Wednesday, July 23, 2014

Charles James at the Met

There's a spectacular exhibition about the designer Charles James at the Metropolitan Museum of Art.  I went to see it with my mother-in-law, daughter and niece and we all loved it.  The exhibition is divided between two galleries on two separate floors -- not ideal and a bit hard to find -- but that's a small detraction from an otherwise superbly executed exhibition.

James began his career as a milliner in Chicago and hats from his earlier days were on display.  It was said that he would mold the hats on his more courageous clients heads to ensure a personalized fit, with a brim that perfectly suited their face.

In the late 1940s and 50s, James made seemingly innumerable gowns, cocktail dresses, and elegant coats.  He was a master at sculpting and draping cloth in fascinating and compelling ways.  His patterning and construction technique was so unique that he kept muslin forms so others could learn from his designs.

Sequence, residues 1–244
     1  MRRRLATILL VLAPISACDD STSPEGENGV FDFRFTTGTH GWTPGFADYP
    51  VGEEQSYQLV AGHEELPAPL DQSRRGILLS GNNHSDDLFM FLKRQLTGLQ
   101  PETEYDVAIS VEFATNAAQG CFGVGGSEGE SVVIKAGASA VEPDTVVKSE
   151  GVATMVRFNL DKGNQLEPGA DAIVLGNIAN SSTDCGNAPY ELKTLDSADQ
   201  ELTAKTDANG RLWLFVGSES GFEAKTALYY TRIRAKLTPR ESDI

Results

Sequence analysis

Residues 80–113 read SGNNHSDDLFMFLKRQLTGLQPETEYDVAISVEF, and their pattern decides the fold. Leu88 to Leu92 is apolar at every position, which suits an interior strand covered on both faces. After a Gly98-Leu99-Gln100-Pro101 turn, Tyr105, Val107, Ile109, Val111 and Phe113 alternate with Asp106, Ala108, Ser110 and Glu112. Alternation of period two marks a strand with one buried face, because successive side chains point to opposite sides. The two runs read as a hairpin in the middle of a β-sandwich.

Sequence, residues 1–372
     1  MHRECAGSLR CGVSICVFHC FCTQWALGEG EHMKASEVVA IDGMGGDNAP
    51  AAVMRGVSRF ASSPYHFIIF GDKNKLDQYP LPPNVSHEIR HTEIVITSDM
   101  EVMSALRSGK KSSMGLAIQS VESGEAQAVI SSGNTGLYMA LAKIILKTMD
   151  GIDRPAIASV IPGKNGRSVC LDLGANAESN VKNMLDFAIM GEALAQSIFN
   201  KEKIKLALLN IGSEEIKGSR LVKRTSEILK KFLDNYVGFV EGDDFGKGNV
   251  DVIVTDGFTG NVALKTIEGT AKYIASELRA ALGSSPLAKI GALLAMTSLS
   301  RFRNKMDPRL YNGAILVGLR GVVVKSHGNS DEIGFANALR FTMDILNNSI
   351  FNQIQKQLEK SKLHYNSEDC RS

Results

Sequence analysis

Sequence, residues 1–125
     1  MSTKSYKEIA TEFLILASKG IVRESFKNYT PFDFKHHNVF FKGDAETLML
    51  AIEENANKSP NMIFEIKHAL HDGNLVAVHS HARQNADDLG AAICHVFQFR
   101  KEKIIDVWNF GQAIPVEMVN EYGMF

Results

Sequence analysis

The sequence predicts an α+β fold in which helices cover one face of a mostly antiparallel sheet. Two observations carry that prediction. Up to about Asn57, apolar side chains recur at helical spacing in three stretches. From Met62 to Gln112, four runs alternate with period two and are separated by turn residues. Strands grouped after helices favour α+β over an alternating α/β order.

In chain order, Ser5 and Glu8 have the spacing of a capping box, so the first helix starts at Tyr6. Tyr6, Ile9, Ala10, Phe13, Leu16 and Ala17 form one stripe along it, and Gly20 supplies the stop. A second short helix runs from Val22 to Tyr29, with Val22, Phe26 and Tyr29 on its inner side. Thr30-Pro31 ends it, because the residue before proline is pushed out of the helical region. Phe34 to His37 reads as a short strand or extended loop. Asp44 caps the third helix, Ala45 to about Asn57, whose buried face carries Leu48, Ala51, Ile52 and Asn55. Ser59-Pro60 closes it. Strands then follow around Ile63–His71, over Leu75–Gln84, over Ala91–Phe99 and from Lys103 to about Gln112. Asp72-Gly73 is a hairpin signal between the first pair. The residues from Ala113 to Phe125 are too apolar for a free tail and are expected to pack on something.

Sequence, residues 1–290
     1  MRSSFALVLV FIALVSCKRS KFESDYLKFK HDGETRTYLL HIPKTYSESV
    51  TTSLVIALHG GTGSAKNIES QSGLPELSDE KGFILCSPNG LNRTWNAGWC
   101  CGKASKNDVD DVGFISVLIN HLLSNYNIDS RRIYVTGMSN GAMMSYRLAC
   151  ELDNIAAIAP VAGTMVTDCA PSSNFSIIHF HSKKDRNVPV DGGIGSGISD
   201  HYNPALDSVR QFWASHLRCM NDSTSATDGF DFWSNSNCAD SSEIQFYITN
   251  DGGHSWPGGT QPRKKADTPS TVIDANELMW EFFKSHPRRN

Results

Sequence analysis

As lovely as the muslins are, see how the patterns translated when used with finer materials:

(The lighting in most of the exhibition is very low; I altered the exposure so you might see more, but these colors aren't true.  The red is much deeper and richer.)

Part of the focus of the exhibition was to help viewers understand, to the extent a layperson can, the way the pattern pieces were sewn together.  All of the gowns in one of the galleries had a small camera-like light before it which highlighted sections of the dress.  Next to it, these sections simultaneously appeared on a flat screen.  The pieces were then animated so we could watch a virtual construction of the dress, from skirt to bodice.  It was fascinating.